4) Church Structures
Most churches are split between 0-18 years and parents. The college-age students are often left out.

Key Point: If we don’t have a sense of belonging in the Church, we lose our identity in the world.

As he closed, Chuck gave three application points:

  • Belonging is gained through relationships.
  • Cultivating valuable relationships is a must.
  • Measuring quality of relationships is priority.

The goal of a College-age ministry is to move people from student-life to adult-life. If identity, belonging, convictions are found in relationships, and we want college-age students to move toward adult-life, then we need to connect them with older adults. All of this is based on 2 Timothy 2:2 and Titus 2.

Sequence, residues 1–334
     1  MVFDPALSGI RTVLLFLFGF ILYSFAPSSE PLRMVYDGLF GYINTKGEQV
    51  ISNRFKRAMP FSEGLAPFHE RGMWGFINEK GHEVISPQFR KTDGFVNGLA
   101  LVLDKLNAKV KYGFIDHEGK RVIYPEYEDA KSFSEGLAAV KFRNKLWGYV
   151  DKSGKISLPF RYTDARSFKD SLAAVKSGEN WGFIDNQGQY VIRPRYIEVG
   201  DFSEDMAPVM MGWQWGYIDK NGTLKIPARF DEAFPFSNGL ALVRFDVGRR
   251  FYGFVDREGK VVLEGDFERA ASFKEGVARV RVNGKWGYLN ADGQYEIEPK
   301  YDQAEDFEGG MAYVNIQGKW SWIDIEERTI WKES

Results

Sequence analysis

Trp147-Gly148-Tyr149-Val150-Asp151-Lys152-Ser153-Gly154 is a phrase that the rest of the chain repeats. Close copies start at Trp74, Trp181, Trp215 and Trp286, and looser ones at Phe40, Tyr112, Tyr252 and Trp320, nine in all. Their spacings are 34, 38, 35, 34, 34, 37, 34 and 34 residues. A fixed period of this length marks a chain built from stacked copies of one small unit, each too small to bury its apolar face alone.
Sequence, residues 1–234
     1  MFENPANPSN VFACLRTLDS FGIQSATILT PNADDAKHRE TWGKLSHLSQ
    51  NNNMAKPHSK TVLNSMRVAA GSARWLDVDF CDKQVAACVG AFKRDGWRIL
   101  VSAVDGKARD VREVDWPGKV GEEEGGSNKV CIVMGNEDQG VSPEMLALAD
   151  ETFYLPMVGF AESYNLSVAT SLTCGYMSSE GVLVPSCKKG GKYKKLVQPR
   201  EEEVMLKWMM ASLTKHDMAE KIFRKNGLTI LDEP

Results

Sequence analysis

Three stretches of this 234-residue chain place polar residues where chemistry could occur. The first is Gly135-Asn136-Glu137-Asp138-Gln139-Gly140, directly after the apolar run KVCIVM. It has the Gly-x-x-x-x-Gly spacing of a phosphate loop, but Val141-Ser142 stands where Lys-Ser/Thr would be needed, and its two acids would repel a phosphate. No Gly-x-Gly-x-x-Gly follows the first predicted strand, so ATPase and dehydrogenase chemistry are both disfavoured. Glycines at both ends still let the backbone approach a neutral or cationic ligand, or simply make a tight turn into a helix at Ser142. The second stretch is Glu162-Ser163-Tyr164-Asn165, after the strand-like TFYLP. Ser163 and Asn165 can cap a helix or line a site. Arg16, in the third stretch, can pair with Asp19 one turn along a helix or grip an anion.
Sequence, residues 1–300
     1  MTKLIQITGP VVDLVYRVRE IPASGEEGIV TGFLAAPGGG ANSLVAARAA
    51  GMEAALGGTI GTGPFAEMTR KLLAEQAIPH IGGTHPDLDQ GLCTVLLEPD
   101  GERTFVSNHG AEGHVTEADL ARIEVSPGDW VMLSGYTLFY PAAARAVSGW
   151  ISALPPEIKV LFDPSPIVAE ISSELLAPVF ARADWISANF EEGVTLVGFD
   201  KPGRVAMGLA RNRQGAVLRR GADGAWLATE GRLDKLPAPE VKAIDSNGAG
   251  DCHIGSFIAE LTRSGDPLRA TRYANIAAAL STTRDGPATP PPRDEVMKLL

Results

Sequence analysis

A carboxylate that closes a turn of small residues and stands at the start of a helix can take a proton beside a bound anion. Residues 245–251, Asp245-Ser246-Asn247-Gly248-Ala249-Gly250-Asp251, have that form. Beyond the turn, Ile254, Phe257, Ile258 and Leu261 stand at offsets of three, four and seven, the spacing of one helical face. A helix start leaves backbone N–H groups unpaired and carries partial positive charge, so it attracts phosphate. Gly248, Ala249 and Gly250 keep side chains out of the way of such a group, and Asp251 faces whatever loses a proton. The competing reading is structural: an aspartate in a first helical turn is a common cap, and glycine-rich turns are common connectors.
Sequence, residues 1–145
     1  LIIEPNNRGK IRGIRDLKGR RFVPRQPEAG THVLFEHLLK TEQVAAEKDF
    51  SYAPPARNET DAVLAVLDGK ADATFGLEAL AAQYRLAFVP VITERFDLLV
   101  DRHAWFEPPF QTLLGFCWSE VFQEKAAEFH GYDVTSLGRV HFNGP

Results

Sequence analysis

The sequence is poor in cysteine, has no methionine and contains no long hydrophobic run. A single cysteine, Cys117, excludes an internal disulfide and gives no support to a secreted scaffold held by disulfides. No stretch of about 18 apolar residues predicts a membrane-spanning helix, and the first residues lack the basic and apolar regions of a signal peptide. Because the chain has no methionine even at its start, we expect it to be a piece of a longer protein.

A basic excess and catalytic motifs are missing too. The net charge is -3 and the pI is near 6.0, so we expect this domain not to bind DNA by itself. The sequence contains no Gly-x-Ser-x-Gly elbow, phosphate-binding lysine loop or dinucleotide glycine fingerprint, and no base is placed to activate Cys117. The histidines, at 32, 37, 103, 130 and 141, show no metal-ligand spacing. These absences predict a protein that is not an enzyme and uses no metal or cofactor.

After serving for almost nine years as pastor of student ministries at Cornerstone in Simi Valley, California, Chuck Bomar is now the senior pastor of Colossae Church located in Portland, Oregon.  He’s also the founder of CollegeLeader: an organization focused on helping local church leaders understand and embrace ministry to college-age people.  Chuck has written numerous resources including, College Ministry 101: a guide to working with 18-25 year olds (YS/Zondervan).  He and his wife, Barbara, have two daughters, Karis and Hope.